We decided to go back to Shinjuku station and explore the Golden Gai and Piss Alley before they opened for the night. The area was almost deserted, only a couple of restaurants in Piss Alley were open serving a few people. Golden Gai, approximately 6 alleyways stuffed with bars, was rife with signs in English, welcoming foreigners, proclaiming drink minimums and cover charges. I read that it was where the locals go to drink, but after seeing all the signs, I was not entirely convinced. 

We had dinner near our hotel in Akihabara at a steak restaurant named Dan-Te. They only had Japanese menus, despite the English writing on their sandwich board, the windows and the walls inside. Thankfully one of us had purchased an international plan on our phone and could translate using google translate. We were pretty proud we got what we thought we ordered - 4 steaks and several vegetable sides. The steaks were very tender and good cuts, but the best thing we ate was when the waiter brought us complimentary fried beef to our table. I wanted to take back the whole meal and just eat that.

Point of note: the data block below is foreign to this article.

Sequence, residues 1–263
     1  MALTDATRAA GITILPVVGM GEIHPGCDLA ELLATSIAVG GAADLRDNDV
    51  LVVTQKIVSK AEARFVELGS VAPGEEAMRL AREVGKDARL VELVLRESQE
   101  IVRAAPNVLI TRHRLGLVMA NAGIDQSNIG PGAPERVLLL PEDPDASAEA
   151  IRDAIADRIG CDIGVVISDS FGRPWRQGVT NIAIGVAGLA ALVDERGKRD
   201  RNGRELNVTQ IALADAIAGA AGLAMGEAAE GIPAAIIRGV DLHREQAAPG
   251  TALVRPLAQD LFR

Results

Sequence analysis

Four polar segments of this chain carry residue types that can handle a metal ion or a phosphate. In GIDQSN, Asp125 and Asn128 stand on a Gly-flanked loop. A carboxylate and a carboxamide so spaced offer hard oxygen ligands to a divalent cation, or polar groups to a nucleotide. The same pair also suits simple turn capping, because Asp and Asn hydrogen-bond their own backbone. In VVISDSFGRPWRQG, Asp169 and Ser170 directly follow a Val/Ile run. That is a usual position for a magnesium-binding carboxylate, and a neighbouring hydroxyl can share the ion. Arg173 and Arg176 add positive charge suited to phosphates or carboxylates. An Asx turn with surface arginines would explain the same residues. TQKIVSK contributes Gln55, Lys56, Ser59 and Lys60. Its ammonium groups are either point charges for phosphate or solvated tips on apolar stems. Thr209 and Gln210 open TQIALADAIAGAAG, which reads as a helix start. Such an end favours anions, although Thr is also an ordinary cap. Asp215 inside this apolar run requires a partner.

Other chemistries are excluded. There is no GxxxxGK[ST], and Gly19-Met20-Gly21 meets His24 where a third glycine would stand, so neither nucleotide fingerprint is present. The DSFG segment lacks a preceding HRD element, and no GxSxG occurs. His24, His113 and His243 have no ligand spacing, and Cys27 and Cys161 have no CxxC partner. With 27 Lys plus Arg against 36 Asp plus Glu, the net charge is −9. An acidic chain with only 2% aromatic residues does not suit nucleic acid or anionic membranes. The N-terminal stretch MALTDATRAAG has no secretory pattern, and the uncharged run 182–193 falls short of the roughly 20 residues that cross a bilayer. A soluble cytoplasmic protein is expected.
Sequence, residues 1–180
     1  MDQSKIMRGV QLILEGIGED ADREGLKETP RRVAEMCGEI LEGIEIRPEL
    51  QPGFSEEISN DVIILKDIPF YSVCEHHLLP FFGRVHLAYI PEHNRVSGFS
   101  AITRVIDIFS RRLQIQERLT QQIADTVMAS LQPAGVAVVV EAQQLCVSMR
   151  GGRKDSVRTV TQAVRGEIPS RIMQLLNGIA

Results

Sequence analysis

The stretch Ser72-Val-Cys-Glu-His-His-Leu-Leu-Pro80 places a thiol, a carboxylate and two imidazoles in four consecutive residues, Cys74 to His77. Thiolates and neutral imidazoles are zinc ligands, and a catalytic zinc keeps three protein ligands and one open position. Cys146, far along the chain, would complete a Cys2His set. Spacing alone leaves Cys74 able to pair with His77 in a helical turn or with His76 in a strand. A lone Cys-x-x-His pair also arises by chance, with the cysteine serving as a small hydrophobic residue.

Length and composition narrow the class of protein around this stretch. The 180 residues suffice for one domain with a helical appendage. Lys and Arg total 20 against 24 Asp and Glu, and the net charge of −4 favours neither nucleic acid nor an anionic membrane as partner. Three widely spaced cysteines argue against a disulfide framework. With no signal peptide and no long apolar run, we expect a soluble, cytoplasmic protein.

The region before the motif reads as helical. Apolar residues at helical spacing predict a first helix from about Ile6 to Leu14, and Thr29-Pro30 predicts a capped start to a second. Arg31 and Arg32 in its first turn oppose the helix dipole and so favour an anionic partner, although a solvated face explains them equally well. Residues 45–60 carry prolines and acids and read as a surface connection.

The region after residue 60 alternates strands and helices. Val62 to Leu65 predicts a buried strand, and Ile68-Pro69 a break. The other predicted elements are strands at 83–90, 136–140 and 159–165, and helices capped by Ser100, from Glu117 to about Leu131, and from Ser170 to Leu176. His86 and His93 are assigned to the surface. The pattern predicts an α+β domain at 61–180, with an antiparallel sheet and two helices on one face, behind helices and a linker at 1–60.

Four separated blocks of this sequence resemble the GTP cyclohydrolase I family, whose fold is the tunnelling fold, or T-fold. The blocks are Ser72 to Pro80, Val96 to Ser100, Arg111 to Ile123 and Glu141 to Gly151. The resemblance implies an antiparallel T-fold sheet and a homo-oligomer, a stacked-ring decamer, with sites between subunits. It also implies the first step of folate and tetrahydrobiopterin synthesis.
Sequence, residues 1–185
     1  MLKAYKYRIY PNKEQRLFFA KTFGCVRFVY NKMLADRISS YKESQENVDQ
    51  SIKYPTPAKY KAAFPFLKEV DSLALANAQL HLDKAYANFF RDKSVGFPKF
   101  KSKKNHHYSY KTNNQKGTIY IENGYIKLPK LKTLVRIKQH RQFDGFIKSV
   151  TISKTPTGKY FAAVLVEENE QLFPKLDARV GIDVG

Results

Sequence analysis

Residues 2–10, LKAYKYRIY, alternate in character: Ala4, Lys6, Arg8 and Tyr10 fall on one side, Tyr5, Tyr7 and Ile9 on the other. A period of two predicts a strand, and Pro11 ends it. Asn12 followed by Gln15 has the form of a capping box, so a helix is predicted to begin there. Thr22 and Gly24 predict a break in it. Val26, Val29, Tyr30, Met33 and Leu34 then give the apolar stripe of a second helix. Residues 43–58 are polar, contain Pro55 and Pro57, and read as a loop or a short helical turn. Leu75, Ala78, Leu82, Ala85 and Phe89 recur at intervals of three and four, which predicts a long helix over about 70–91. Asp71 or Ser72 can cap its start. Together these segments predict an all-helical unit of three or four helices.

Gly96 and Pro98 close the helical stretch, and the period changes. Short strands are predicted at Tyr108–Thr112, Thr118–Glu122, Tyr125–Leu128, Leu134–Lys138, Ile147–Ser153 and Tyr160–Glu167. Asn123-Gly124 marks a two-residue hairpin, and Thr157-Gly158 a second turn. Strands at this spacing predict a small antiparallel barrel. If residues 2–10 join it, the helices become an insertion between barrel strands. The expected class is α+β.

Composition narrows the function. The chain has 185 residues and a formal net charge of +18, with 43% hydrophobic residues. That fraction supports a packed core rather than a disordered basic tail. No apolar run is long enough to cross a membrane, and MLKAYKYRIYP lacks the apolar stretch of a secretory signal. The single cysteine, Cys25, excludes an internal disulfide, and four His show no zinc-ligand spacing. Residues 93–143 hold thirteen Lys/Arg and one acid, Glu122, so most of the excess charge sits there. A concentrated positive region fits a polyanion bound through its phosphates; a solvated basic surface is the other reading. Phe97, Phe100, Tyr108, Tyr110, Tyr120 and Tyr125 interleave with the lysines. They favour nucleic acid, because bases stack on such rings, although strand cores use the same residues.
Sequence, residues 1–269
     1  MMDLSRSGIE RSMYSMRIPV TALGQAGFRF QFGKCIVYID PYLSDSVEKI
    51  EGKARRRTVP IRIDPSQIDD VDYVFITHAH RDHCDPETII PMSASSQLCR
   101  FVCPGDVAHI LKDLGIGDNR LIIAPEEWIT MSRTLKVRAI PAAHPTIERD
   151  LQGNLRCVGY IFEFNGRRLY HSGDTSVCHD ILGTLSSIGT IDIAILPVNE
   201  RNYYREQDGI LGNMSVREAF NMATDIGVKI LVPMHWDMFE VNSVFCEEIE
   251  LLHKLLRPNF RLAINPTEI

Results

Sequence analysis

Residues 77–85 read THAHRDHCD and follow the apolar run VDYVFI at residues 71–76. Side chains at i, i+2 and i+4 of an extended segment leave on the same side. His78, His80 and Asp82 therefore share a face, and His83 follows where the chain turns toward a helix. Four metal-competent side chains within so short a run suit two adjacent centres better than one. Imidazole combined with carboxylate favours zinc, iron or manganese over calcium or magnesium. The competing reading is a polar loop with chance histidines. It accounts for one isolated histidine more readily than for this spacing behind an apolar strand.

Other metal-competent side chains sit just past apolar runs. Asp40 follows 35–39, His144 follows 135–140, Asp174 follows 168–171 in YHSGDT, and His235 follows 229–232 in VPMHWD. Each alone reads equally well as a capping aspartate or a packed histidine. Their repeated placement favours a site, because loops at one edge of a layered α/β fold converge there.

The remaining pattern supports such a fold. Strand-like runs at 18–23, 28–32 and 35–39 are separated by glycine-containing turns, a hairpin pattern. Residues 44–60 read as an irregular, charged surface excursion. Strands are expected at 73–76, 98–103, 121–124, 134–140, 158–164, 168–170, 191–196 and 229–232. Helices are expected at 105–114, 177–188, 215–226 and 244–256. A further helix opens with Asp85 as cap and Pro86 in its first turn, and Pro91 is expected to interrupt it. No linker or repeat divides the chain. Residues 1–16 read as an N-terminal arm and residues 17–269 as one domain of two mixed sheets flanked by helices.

Day 8 - Asakusa and Imperial Palace Gardens

We started our later morning at Asakusa, visiting the shrine and all the shops. We dined on fried, breaded cabbage and meat dumplings, fried curry dumplings, beer and ice cream (I had Sakura flower, which was sweet and almost tasted lightly berry and ginger flavored, very fresh) for lunch from the vendors. 

After a thorough exploration of Asakusa (and plenty of souvenirs), we wandered towards the Imperial Palace Gardens. They were littered with people, performers, landscape features, and buildings, plenty to see. The area was ridiculously large. I honestly preferred the quiet reverence of Meiji Shrine to the Imperial Gardens. We did get to see one cherry blossom tree in bloom, although it was still early in the season. 

Day 9 - Leaving Tokyo

We had an afternoon flight to Tokyo, so we took our time getting up, getting packed and having breakfast at yet another cafe, although this one poorly attended. We headed on the JR line to Haneda and took our time getting checked in and through customs, to head our way home.

What did we miss??

Let's get lost in Tokyo!